An article by Maria Leonila Masculino on August 21, 2015 of Food World News is titled Cannabis Effects: U.S. Government Finally Admits Cannabis Kills Cancer Cells. The National Cancer Institute (NCI) has acknowledged that a formal study done in the U.K. has shown that components of marijuana have the ability to inhibit cancer growth and increase the efficacy of radiation treatments in the most aggressive form of brain tumors. The NCI has not determined that the study justifies the formal reclassification of marijuana to acknowledge its legitimate medical uses.
A group of scientists from St. George’s College in London concluded that cannabis weakens cancer cells in lab settings and appears to improve the effectiveness of radiation treatments when procedures are done to attack glioma, which is one of the most deadly and aggressive brain tumors.
The lead scientist in the study, Dr. Wai Liu, concluded that THC and CBD, two components of marijuana, may be of use in cancer treatment.
“We’ve shown that cannabinoids could play a role in treating one of the most aggressive cancers in adults. The results are promising… it could provide a way of breaking through glioma [tumors] and saving more lives.”
“Recent animal studies have shown that marijuana can kill certain cancer cells and reduce the size of others. Evidence from one animal study suggests that extracts from whole-plant marijuana can shrink one of the most serious types of brain tumours. Research in mice showed that these extracts, when used with radiation, increased the cancer-killing effects of the radiation.”
Scientific American published an article on May 1, 2015 by Roni Jacobson titled Medical Marijuana: How the Evidence Stacks Up. With an opening statement that there are few legitimate studies, the Scientific American article downplays the significance of marijuana for medical use. Given the extreme limits on marijuana studies in the US, a lack of data is to be expected. The article goes on to provide information on where marijuana has proven to be of value, including cancer, epilepsy, glaucoma, HIV/AIDS, MS, and reduction of pain and inflammation.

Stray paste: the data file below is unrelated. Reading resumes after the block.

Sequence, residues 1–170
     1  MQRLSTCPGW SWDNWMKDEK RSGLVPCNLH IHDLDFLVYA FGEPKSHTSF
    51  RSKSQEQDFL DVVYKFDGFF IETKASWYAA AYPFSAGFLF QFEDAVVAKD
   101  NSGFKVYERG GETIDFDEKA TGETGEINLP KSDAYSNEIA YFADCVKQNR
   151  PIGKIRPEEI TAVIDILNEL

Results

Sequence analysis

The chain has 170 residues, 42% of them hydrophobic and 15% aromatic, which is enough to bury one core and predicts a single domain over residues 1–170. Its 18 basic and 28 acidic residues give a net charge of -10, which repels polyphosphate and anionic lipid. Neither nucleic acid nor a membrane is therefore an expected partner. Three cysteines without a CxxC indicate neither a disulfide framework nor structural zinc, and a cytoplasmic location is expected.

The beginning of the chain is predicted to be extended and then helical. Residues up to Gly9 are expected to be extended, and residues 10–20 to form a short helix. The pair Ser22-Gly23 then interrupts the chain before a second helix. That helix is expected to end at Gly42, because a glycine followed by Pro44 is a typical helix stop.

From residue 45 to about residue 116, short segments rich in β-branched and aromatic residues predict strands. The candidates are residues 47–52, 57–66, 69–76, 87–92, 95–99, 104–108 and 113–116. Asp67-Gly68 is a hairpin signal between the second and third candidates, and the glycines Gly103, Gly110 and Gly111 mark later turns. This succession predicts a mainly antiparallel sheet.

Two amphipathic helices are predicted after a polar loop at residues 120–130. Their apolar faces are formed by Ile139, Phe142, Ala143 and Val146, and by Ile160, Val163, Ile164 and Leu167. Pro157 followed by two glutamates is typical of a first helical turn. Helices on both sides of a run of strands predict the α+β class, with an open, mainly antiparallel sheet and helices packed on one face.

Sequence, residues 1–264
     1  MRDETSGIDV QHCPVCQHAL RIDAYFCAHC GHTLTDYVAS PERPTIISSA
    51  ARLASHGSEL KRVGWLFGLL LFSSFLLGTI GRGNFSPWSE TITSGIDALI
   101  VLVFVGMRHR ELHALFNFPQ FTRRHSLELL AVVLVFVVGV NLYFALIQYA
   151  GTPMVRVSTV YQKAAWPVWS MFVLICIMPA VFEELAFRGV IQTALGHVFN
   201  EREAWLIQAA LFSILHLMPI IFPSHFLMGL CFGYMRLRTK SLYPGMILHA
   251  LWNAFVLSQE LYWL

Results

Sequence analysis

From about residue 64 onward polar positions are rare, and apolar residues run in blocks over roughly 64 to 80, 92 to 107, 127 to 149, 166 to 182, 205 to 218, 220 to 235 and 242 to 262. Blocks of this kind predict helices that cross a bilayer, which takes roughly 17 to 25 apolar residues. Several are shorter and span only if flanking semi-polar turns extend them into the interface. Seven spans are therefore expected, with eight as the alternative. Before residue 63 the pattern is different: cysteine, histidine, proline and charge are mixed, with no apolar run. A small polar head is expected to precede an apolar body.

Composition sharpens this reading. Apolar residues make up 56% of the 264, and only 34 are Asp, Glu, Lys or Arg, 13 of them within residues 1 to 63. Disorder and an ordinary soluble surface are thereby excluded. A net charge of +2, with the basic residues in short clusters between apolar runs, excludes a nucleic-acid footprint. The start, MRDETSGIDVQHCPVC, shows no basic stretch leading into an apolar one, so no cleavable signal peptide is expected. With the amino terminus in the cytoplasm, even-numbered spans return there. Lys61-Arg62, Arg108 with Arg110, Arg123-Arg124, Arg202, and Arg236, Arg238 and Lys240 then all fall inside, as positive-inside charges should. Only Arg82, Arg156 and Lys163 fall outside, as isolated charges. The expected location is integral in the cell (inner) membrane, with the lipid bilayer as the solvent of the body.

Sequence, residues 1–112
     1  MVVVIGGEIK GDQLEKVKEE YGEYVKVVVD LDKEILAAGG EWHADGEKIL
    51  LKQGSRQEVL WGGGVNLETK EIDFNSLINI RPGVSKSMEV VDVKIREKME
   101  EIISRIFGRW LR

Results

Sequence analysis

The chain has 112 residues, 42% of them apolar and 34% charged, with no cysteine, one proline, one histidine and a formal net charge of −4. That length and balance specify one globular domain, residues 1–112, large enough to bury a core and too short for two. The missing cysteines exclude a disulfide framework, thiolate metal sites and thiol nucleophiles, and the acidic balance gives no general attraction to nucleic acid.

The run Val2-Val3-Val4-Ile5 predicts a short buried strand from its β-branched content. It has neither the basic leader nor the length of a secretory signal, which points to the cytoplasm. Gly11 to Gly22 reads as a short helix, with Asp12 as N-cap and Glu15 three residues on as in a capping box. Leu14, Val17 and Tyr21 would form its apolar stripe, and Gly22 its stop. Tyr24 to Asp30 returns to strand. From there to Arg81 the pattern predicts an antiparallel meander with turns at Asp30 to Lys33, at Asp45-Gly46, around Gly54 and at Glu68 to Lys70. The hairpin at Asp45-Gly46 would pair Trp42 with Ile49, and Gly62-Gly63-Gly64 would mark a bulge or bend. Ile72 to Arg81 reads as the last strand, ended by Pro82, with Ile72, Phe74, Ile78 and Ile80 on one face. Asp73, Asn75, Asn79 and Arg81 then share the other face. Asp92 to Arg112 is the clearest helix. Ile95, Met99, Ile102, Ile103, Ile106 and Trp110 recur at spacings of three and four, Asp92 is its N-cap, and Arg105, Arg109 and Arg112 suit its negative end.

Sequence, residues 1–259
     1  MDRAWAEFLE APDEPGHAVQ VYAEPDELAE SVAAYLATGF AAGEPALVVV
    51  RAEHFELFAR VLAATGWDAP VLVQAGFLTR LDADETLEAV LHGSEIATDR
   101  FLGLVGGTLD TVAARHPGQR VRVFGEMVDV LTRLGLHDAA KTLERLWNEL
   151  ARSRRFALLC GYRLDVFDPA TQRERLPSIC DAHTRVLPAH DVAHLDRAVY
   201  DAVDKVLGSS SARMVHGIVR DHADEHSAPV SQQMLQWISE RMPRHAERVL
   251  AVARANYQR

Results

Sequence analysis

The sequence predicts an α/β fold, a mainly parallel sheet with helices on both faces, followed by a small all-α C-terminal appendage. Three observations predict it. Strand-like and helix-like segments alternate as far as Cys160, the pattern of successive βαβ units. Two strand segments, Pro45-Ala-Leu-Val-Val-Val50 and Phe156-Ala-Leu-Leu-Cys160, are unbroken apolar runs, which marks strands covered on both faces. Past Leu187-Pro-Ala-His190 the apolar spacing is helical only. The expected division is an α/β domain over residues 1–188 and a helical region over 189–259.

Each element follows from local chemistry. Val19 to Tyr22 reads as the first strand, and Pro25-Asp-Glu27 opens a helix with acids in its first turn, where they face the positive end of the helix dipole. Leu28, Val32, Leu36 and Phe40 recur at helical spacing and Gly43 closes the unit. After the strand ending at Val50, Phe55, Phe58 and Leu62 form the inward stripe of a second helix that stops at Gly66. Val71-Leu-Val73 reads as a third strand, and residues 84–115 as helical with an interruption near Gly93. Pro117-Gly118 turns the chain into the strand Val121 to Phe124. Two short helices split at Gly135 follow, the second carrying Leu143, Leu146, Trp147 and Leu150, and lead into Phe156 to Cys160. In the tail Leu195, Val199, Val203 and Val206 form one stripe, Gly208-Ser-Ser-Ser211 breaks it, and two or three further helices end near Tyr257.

The tone of the Scientific American article is comparable to those written to say that the use of herbs and supplements by Oriental medicine and Ayurvedic medicine lack data for safety and effectiveness, despite being used for 3,000 to 5,000 years. The majority of US scientific studies on drug safety and effectiveness are funded by US pharmaceutical manufacturers. The 2013 estimate for chemotherapy drugs in the US was $91 million, with an average patient cost for chemotherapy at about $10,000 per month. The Ohio State University dedicated a $1.1 billion James Cancer Hospital and Solove Research Institute in 2015.
Studies such as the one done at St. George’s will help justify the legalization of medical marijuana. The tax revenues achieved in Colorado and Washington from recreational marijuana sales will help legalize all uses of marijuana. Like same-gender marriages, the progress towards legalization is being driven at the state and local levels. Having expert studies such as the St. George’s study will put additional pressure on legalization.